We rode the four-wheeler to the top of a canyon, and started glassing. Right away, we spotted several does, as well as a 4 x 3 buck. The deer were well over 800 yards away, and we kept scouring the canyon for other deer.
We were about ready to pick up and move on when Les exclaimed, “There he is! There he is! There he is!” Apparently, Les had a spotted a buck, and he was a pretty good one.
It took Steve and I just a few moments to find the buck in our spotting scopes, (I bought a new 20-60 x 80 just so I wouldn’t look like a dork from the East). Even from 600-plus yards, and bedded in the shade, he looked like a very good buck. No wonder Les sounded so excited. The question was, just how good was he?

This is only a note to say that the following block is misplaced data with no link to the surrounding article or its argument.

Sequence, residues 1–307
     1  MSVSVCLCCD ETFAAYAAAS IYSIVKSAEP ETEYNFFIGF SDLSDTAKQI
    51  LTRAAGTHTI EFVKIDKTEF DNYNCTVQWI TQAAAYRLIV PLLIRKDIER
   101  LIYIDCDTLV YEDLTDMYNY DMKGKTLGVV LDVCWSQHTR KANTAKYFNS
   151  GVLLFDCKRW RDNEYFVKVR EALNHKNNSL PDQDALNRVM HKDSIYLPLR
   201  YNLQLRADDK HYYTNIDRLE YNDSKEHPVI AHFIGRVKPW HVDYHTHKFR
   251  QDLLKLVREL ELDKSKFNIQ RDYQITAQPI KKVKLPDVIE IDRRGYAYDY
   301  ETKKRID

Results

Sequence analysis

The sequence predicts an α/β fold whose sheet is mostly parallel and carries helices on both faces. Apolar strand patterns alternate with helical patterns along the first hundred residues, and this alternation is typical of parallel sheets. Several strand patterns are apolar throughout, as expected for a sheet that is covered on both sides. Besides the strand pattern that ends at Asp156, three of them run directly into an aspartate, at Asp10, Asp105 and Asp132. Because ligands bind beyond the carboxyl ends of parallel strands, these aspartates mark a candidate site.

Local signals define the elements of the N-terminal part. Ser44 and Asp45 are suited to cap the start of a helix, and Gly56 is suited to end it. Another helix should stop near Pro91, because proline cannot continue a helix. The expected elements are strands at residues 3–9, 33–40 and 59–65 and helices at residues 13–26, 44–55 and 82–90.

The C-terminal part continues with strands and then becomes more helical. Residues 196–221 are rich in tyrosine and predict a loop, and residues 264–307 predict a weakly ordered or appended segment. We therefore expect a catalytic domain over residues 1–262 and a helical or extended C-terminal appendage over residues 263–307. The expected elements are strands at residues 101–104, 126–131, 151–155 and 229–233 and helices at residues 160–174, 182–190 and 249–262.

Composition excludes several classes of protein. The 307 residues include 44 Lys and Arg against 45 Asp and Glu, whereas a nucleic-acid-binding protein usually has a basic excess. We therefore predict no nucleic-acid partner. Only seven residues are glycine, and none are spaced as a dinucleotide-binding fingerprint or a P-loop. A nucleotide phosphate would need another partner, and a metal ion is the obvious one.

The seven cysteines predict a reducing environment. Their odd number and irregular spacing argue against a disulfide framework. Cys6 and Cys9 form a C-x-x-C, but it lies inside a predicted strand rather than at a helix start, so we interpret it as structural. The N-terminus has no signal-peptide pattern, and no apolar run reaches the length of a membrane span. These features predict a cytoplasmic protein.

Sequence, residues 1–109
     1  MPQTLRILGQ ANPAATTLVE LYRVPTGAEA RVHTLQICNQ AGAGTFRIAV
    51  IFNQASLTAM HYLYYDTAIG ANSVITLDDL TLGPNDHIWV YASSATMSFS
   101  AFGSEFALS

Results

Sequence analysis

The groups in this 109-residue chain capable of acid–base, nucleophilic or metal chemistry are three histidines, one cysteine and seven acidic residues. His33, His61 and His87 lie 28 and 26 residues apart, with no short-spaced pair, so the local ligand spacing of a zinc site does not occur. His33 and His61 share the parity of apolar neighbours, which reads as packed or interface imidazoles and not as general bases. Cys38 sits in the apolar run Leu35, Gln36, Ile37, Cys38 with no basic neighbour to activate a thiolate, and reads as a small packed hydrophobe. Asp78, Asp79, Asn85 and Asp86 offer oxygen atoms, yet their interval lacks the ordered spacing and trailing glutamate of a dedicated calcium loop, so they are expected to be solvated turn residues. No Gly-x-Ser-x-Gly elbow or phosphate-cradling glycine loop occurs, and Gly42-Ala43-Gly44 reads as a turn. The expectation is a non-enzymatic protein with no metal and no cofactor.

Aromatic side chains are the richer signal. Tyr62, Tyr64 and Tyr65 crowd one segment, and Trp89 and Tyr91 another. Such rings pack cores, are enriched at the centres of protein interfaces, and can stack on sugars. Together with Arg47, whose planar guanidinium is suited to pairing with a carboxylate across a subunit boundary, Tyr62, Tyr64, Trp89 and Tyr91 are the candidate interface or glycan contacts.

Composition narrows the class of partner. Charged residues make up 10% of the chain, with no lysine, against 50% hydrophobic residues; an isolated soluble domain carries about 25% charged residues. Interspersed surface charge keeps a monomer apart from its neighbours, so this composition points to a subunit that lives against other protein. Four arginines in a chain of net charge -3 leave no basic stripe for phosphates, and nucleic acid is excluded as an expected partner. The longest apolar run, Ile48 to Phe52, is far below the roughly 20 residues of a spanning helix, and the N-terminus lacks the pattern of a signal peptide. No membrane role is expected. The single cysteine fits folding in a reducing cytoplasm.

Steve and I talked about it, and we decided that in order to find out how good this buck really was, we’d have to get around him and come in for a closer look.
We circled wide to get around the buck and find a better vantage point, but couldn’t see where he was bedded under the rim of the canyon. Steve crept back along the rim, and peered over and around several outcroppings, trying to find the buck. As we watched through binos, Steve suddenly squatted down and backed off. The hand signals he was sending weren’t hard to figure out. “He wants you to kill this buck.” Les said.
Shoot. And keep shooting.